A Center-wide team has been established to work on the goals described above. This team consists of senior managers from both ARS and UNL. This committee meets regularly to set priorities and monitor progress towards those priorities. As a part of this comprehensive effort, Livestock Operations is working to implement a management-intensive grazing program for irrigated and dryland pastures. An educational program is being developed to implement stewardship goals and practices among all employees who interact with grazing animals.
Sheep Operations is working towards an effort to assist ARS in developing and evaluating an easy care population of sheep. This type of population has been identified as a priority of the sheep industry. This project will require modifications in both animal and facilities management.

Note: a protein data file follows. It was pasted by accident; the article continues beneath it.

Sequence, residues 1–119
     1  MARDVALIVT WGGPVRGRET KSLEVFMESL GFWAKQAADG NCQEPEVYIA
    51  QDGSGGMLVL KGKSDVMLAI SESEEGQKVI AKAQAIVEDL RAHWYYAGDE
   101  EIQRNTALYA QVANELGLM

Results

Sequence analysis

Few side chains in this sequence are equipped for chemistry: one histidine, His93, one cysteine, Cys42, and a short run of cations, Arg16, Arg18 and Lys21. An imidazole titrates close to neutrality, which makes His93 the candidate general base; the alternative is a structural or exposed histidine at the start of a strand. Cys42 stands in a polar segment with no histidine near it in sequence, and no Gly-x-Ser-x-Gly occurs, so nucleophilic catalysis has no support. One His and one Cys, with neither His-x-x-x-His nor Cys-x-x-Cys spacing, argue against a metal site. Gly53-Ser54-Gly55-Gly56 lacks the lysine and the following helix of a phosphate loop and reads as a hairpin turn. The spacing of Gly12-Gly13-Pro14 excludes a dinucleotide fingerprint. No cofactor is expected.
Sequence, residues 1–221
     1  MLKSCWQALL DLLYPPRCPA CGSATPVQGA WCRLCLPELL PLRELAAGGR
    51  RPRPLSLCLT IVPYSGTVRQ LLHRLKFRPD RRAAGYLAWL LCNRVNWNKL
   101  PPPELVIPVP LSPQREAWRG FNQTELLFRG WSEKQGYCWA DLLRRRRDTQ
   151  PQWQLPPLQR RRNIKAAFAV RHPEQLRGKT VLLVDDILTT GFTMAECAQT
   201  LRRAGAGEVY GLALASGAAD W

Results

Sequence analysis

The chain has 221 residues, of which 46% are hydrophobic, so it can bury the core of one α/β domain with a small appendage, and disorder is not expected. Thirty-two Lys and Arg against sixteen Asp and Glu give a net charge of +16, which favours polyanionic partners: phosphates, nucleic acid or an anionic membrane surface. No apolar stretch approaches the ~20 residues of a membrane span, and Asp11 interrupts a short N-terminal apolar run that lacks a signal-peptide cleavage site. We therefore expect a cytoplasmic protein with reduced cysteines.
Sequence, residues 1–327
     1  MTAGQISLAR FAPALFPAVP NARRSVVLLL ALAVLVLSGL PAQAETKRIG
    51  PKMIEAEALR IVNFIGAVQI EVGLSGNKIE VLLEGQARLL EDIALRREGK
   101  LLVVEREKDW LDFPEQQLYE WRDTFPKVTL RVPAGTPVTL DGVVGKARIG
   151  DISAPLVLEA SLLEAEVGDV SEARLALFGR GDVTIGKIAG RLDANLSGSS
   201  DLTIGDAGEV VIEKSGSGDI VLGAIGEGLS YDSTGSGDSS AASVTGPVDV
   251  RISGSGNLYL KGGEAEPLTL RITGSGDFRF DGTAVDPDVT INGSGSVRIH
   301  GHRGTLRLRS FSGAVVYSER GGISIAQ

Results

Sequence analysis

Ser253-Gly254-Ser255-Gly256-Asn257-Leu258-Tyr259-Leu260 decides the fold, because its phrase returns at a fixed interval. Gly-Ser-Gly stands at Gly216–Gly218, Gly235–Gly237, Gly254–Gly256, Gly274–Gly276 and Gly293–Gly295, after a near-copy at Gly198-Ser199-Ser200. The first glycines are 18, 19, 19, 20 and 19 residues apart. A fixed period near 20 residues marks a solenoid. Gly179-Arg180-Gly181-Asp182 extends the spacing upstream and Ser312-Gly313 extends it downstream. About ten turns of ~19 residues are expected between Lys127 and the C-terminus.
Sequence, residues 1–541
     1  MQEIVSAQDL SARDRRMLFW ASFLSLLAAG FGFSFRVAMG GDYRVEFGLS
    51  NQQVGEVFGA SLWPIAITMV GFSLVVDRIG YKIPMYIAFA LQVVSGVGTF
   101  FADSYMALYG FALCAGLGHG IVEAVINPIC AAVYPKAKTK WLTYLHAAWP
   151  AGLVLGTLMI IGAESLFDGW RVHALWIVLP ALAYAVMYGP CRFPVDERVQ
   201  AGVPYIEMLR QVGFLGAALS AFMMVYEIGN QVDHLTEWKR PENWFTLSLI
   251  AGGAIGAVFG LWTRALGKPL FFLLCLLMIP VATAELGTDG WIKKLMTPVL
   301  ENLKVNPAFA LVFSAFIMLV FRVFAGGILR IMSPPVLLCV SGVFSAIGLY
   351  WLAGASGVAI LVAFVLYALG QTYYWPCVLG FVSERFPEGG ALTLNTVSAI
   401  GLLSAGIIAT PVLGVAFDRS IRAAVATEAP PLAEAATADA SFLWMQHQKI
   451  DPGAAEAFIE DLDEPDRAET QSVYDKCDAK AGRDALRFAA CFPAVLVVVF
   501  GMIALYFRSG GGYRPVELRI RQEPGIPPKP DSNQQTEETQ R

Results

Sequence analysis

Swine Operations is currently working toward mirroring industry practices with the implementation of many different herd management techniques. This change in management practices will increase the number of pigs farrowed per year at USMARC. It has been determined that scientists are not using the finishing pigs in research projects, so Swine Operations will no longer finish pigs for market. All animals will be sold at weaning.
Farm Operations is developing plans to reduce the number of corn acres planted both for grain and for silage. This reduction in corn acres will allow for more irrigated forage production.
This cooperative effort has continued to utilize resources of both parties in a very efficient manner to support a multidiscipline-oriented large animal research program. Monitoring activities include regular meetings with USMARC operations and research staff.